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North DeKalb Mall's Future: 1,700 Apartments, Offices And A Hotel

The vision for the future of a long-ailing suburban Atlanta mall has come into focus.

The deserted interior of North DeKalb Mall, which has been purchased by Edens.

Developer Edens filed plans Tuesday with the Georgia Department of Community Affairs for its redevelopment of North DeKalb Mall, a necessary first step for developers in the state embarking on projects that will have a regional impact.

Edens said it plans to transform the 622K SF, 58-year-old enclosed mall into a mixed-use development that includes 300K SF of retail, 200K SF of office, a 150-room hotel, 1,700 apartment units and 100 townhouses, according to the filing.

The end result, slated to be completed by 2028, is expected to be similar to Edens' massive Mosaic District redevelopment in Fairfax, Virginia, a 2M SF mixed-use community with restaurants, retail, apartments, townhomes and the Angelika Film Center centered by the public Strawberry Park that is home to year-round events.

“What they did at Mosaic is a very similar approach. I think you're going to see a lot of features similar to what they've done,” said DeKalb County Commissioner Ted Terry, whose district partially covers the mall property. “I think what we're trying to get to is a true town center.”

Terry said he and DeKalb Commissioner Jeff Rader used commission funding to hire Perkins & Will and another consultant to help them, along with Edens, cobble together the vision for the mall's reinvention over the past few months. The commission is laying the groundwork to create a tax allocation district that would largely cover the mall property, Terry said. TADs are self-taxing districts where a portion of business revenues go toward infrastructure work within the TAD borders.

“We have been working for several months, [getting] community input,” Terry said. “It's going to be a fresh start. I think there's going to be more opportunity for micro-retailers or jewel-box retail.”

Edens declined to comment for this story. Edens purchased the mall for $24.2M from the Sterling Organization last September, according to the Reonomy database, and has largely remained silent on its plans for the property. It already owns a handful of properties in Atlanta, including the Toco Hills Shopping Center and Toco Hills Promenade less than 3 miles from the mall, acquiring them in 2015 and repositioning them with diverse and upscale retailers.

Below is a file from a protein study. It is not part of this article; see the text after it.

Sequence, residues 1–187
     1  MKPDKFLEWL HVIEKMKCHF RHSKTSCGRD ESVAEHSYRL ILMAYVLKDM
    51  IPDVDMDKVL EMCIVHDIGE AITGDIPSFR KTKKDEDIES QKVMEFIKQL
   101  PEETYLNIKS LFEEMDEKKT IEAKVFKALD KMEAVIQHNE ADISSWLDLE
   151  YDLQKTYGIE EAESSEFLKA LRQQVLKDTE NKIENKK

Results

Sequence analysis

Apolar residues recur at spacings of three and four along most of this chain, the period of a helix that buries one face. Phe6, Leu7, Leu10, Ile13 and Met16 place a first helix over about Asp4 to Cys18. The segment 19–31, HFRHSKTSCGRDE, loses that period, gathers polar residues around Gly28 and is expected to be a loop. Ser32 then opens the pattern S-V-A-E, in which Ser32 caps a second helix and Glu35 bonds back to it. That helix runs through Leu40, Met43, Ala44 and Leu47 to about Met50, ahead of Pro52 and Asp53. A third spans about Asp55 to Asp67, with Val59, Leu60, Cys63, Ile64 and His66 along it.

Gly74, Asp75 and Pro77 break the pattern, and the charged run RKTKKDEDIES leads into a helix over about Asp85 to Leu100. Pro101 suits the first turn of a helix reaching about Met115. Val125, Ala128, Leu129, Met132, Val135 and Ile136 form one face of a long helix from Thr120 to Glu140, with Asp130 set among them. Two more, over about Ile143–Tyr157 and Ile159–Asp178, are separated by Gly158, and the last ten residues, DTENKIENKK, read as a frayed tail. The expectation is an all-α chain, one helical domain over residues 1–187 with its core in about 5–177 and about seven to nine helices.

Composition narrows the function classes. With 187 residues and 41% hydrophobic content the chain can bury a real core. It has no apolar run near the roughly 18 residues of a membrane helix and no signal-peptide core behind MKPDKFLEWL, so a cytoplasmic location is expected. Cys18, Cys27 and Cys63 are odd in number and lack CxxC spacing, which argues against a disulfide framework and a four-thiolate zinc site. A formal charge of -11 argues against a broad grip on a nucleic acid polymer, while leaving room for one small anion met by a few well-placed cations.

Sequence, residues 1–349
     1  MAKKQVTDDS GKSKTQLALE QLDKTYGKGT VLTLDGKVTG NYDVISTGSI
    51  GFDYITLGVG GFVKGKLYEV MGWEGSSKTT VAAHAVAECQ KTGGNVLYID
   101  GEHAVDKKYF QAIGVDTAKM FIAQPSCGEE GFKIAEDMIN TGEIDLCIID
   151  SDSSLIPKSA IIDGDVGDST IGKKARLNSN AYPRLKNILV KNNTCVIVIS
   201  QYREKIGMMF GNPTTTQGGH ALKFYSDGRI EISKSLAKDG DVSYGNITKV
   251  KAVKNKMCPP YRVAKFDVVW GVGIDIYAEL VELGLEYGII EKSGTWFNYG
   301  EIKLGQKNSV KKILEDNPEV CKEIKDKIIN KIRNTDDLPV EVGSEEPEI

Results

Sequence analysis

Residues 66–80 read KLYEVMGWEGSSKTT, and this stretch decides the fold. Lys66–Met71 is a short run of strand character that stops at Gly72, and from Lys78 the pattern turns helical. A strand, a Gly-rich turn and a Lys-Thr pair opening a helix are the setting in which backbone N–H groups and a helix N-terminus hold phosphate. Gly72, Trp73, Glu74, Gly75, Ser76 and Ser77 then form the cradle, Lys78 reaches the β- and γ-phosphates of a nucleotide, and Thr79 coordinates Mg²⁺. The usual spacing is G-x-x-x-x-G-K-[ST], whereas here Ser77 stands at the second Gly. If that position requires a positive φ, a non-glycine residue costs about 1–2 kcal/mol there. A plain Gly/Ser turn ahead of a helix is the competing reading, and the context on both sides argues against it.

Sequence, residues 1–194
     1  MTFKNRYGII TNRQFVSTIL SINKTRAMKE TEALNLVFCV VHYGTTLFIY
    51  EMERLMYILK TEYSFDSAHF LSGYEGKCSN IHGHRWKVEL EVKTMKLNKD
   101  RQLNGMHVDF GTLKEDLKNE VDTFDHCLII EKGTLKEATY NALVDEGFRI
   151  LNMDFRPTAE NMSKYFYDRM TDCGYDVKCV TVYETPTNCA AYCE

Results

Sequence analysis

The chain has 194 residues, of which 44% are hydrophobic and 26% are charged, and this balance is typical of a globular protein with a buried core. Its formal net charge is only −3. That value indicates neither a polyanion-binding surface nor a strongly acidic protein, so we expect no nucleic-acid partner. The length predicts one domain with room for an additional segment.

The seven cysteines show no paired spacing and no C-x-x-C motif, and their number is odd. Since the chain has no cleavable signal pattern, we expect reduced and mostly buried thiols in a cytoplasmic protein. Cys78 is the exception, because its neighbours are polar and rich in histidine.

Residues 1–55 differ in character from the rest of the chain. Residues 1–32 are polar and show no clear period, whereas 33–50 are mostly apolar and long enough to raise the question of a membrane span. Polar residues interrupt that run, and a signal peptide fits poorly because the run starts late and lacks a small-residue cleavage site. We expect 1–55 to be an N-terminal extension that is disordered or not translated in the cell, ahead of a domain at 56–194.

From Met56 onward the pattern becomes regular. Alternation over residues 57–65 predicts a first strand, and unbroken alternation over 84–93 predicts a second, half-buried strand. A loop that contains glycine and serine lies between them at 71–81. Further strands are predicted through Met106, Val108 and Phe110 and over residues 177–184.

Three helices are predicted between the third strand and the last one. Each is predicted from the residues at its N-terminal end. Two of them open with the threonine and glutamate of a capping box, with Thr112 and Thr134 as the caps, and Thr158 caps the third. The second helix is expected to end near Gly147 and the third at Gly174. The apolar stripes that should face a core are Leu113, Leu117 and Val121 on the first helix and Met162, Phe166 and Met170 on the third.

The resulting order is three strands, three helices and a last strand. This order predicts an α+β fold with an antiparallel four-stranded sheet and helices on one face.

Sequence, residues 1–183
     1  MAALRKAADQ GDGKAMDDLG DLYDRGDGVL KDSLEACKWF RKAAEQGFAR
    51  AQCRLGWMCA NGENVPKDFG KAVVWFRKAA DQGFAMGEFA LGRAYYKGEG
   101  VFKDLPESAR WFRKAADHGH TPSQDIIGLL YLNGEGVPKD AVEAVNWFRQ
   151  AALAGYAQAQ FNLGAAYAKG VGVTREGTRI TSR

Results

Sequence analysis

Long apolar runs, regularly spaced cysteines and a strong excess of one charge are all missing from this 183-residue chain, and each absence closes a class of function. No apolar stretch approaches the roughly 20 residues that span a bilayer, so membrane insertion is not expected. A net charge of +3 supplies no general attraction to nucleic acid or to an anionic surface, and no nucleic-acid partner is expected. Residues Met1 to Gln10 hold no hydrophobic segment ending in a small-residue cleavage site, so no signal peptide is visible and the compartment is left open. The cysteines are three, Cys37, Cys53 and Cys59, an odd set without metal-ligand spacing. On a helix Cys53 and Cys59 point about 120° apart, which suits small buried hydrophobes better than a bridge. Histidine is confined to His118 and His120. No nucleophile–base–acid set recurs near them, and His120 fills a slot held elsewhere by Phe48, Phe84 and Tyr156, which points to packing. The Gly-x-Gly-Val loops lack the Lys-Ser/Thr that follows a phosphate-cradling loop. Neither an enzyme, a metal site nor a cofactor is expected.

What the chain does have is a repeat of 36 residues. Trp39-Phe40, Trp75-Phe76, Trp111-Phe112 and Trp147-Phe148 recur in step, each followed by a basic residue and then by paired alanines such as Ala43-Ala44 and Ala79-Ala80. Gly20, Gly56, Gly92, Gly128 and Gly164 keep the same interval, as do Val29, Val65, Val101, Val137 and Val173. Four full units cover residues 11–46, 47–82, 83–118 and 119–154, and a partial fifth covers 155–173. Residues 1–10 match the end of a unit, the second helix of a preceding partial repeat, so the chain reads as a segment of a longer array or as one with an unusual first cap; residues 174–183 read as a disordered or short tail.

The developer's plans for the mall are a dramatic departure from the current relic off North Druid Hills Road and Lawrenceville Highway where only a handful of retailers are left in operation, including an AMC movie theater.

The Mosaic District in Merrifield, Virginia, a mixed-use development by Edens.

Edens plans to create pedestrian trails and other access points to increase foot traffic at the new project, and encourage shoppers to stick around longer on the property. Terry said Edens officials told him if customers linger on a property for an additional hour than they originally intended, they spend 17% more money.

“A lot of these mixed-use developments really feel kind of sterile,” he said. "I think what Edens is doing is taking a different approach to placemaking."

Edens' acquisition has generated buzz in the area around the mall that it will be able to mimic the success of other genre-defining redevelopments the developer has led around Washington, D.C., including Mosaic and Union Market, which Edens transformed from a collection of warehouses into a nationally recognized food hall surrounded by more than 1,000 new apartments.

David Diaz, a real estate agent who lives a little over a mile from the mall, said Edens' current plans give him hope that the dying mall will finally be turned around, especially with plans for new residential properties.

“Any form of residential living would be phenomenal. Inventory is so low right now, it doesn't matter what you put, it will get occupied,” Diaz said. “That mall is a dilapidated dump and should have been torn down 25 years ago.”

Diaz said the property itself is located in a place that gives it great access for future residents to both Midtown 10 miles to the west and Emory University, which is 4 miles away.

“Location-wise, you can't get a better location than that,” he said.